As someone who oversees education and curriculum at Southern Illinois University (SIU) School of Medicine, Senior Associate Dean Debra Klamen thought her school was adequately preparing students with what it takes to be good doctors. But after taking a hard look at her school’s model of education, the standard approach used by most medical schools in the country, she and her colleagues concluded that the crucial third year of medical school was broken. Their research revealed that one of the primary goals of the third year—improving clinical reasoning—was not being realized.
Over the course of their third year, medical students go through a series of six or seven rotations. These clerkship rotations, interspersed with classroom lectures, are intended to give students practical experience and achieve three main goals:
- Socialize students into medicine so they become familiar with what a medical setting is like.
- Help students determine the specialty they would like to pursue.
- Improve students’ clinical reasoning, the process by which clinicians take in information about a patient and their medical situation, diagnose the problem, implement a treatment plan and evaluate the outcomes.
Beyond these overarching goals, the six core clerkships that students rotate through (internal medicine, pediatrics, surgery, psychiatry, family medicine, and obstetrics-gynecology) each have more than 100 goals and objectives recommended by their educational bodies. The SIU analysis found there was a gap between the expectations for third-year students and the reality of what they were learning in clinical reasoning. So, with a grant from the Macy Foundation, they set out to drastically reform their approach.
The New Approach
First, to help students improve their clinical reasoning even before reaching their third-year clerkships, Dr. Klamen and her team created an online Critical Clinical Competency (CCC) program with high-quality videos. While the videos walk students through an exam and diagnosis, the students generate their own list of differential diagnoses based on what they see and compare them to a panel of three physicians. Since we last wrote about this innovative approach to clinical reasoning, the school has now made the cases available online, and medical schools in the United States and abroad have begun to use the online portal.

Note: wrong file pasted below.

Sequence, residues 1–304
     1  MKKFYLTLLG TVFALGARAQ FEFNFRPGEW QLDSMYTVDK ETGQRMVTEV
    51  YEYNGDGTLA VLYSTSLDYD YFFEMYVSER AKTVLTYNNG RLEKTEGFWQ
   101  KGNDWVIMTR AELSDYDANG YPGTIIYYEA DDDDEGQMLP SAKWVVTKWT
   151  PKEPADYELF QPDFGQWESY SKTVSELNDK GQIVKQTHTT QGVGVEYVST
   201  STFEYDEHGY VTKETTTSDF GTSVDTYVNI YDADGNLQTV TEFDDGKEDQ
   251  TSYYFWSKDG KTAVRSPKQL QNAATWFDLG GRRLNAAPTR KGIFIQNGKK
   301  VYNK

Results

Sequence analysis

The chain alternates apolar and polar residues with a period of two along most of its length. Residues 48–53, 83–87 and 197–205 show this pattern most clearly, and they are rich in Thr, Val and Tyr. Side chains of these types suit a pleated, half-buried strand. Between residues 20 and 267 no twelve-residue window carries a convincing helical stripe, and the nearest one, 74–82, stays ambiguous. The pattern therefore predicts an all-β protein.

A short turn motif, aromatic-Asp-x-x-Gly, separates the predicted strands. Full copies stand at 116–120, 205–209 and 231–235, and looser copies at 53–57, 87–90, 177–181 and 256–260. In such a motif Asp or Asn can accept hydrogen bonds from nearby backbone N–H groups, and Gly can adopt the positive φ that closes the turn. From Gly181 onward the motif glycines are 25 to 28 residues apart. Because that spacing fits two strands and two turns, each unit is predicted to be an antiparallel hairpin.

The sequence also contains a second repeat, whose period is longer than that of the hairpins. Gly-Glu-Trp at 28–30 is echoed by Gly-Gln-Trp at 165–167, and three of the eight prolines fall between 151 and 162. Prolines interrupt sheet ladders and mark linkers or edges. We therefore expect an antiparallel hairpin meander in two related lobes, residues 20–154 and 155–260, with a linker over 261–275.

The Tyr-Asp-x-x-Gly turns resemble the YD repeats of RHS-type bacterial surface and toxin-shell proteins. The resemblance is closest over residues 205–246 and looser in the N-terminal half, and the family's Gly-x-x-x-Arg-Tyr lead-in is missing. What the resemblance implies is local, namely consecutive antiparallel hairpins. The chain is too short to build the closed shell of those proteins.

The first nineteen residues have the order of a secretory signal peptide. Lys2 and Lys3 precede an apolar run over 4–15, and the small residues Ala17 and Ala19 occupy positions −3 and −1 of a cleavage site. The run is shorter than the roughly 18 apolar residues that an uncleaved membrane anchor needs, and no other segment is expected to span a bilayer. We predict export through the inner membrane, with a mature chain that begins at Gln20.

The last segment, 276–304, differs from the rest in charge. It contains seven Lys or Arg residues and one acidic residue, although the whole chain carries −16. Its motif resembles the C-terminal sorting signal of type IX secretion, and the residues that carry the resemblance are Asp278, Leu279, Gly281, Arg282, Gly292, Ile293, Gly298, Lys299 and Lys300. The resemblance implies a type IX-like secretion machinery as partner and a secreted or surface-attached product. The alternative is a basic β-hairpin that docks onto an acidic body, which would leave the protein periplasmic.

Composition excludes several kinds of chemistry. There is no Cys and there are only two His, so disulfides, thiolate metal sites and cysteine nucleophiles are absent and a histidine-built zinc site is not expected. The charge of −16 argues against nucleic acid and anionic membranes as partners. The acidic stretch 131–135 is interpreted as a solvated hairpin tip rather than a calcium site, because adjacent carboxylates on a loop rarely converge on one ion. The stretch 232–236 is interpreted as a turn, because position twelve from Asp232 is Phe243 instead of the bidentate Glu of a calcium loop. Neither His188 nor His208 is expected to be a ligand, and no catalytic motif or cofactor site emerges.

But this was just the beginning. SIU changed the third-year rotations to eight specialties over eight months, adding emergency medicine and neurology to the typical specialties mentioned above. They cut out classroom lectures entirely and did away with the traditional multiple-choice exams at the end of each rotation. In place of this assessment, students are graded by a faculty member linked to them for their entire four-week rotation. They even created an app for faculty to give students feedback on-the-fly. This data is summarized and goes back to the clerkship director who, along with other members of the clerkship committee, assigns a pass or fail grade.
Following their rotations, students debrief on their clerkships in a one-week medical humanities rotation. They then take the Summative Clinical Competency Exam (SCCX), a three-day, 14-station practical exam that SIU moved from the fourth year to the third. For the rest of the year, students, in consultation with their clerkship advisor, create their Personalized Education Plan (PEP). The PEP is an individually designed curriculum based on the students’ interests and needs. For instance, a student interested in surgery but unsure of the specialty could rotate through 15 weeks of different surgical specialties. A student who is torn between family medicine or emergency medicine could do half of one and half of the other. A student who needs to further improve their clinical reasoning could do a three-week clinical remediation course. All throughout, the student meets with their advisor to track their progress and receive feedback and coaching.